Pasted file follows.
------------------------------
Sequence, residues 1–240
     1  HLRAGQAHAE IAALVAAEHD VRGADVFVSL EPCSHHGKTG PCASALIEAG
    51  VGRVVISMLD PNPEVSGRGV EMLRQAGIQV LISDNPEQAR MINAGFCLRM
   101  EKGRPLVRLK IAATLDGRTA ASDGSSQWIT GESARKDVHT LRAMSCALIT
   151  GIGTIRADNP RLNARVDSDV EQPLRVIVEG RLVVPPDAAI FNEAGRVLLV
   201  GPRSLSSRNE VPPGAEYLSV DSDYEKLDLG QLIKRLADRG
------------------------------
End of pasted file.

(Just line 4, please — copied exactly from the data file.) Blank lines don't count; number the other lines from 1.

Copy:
   101  EKGRPLVRLK IAATLDGRTA ASDGSSQWIT GESARKDVHT LRAMSCALIT